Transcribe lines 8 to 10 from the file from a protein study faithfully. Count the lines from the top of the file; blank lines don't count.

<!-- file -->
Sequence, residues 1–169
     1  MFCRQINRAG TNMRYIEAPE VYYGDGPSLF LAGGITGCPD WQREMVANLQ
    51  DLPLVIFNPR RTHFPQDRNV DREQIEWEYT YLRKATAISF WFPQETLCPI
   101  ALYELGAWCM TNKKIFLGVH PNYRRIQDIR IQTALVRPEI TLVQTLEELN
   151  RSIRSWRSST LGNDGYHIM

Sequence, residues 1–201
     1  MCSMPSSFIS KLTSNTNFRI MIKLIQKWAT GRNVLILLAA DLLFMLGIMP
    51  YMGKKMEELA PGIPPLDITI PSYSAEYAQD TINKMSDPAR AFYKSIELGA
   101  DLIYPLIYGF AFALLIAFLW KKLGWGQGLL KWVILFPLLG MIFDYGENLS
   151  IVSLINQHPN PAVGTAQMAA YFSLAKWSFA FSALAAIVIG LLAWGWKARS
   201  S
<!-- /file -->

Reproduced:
    51  YMGKKMEELA PGIPPLDITI PSYSAEYAQD TINKMSDPAR AFYKSIELGA
   101  DLIYPLIYGF AFALLIAFLW KKLGWGQGLL KWVILFPLLG MIFDYGENLS
   151  IVSLINQHPN PAVGTAQMAA YFSLAKWSFA FSALAAIVIG LLAWGWKARS